Number of women freezing eggs hits record high

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Wednesday 21st June 2023

The number of women who are freezing their eggs has reached a record high. Statistics from the Human Fertilisation and Embryology Authority (HFEA) show that more than 4,000 people froze their eggs in 2021 compared to 2,500 in 2019. The significant rise in egg freezing could be linked to the pandemic, according to Sarah Norcross, director of the Progress Education Trust charity. Ms Norcross explained that some women thought more about their fertility during the pandemic due to restrictions on socialising and having more time to think about the future. Some women may have decided to explore options like freezing their eggs to provide additional reproductive choices. The report also showed that despite the increase in egg freezing, fewer women were donating their eggs. The number of new egg donors fell from almost 1,500 in 2019 to just over 1,400 in 2021. 

Helen Henry, from Essex, decided to freeze her eggs 10 years ago when she was 34. At the time, she was in a long-term relationship, but her partner wasn’t sure whether he wanted to have children. Helen was offered the option to donate some of the eggs, which she took, and later found out that a baby girl had been born from her donation. Helen had children with a new partner at the age of 39. She said she was lucky to fall pregnant naturally very quickly and now, aged 44, has another child. Although she said that process wouldn’t suit everyone and she never used her frozen eggs, she admitted that she was reassured by having the option. 

Egg freezing has become an increasingly common talking point in recent years, with more women deciding to pursue this option and the media shining a spotlight on the process. Recently, reality TV star, Vicky Pattison, 35, shared her experiences after opting to freeze her eggs because she wasn’t ready to have children. Vicky, who is engaged to her partner, Ercan and lives in Essex, recently froze some of her eggs. She decided to keep three of the eggs unfertilised and had three more fertilised using her partner’s sperm to form embryos. There is a 10% chance of the unfertilised eggs becoming a baby and a 20% chance that the frozen embryos will result in a baby.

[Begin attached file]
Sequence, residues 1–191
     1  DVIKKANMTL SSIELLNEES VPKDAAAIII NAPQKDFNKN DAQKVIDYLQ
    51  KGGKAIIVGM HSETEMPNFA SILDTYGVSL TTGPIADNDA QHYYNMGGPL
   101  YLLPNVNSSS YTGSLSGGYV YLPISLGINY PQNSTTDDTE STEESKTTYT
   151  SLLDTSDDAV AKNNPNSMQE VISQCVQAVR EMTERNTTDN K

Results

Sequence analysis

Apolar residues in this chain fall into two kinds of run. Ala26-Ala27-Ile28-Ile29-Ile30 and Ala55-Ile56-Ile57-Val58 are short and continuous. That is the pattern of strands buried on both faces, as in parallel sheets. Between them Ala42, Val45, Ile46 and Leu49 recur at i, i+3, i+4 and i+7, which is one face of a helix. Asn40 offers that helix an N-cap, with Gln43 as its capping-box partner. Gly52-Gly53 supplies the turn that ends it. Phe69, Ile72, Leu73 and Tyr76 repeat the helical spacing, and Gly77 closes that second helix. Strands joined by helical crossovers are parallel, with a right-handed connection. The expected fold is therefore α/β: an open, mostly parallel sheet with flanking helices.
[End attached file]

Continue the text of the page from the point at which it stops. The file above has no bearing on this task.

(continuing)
Vicky, who appeared on Geordie Shore and I’m A Celebrity, Get Me Out Of Here, documented her journey on social media, highlighting the highs and lows of the process. She wanted to give an honest, candid account, which showed her followers what actually happens because she feels that there is not enough accurate, transparent information available. 

The HFEA said that levels of success are highly dependent on the age of the woman when she freezes her eggs. Results are better among women aged under 35.
Bassel Wattar, a consultant obstetrician and gynaecologist, said that patients need better access to information and support when considering their fertility and reproductive options. More needs to be done to highlight the pros and cons and ensure that women understand what freezing their eggs entails and how successful the procedure is. It’s important to improve education so that women can make decisions that improve their chances of getting pregnant and having children in the future. 

Egg freezing is more complex than many people may think and involves taking drugs to stimulate and boost egg production and encourage the eggs to mature before collection. After the individual takes medication, the eggs are collected and frozen. When a woman decides that it is the right time to try to have a baby, the eggs are thawed and used in fertility treatment. The success of treatment depends on the age of the woman, as the number and quality of eggs decreases with age. 

Many women are choosing to freeze their eggs because they want to optimise their chances of having a healthy baby down the line. This may be because they’re not ready to have children, they don’t know if they want children in the future or they haven’t met somebody who they see themselves having a family with, for example. Egg freezing is not widely available on the NHS and is usually only viable for patients who are undergoing medical treatment, which may impact fertility. According to the HFEA, the average cost of the procedure in the UK is around £3,400. Storing the eggs costs up to £350 per year.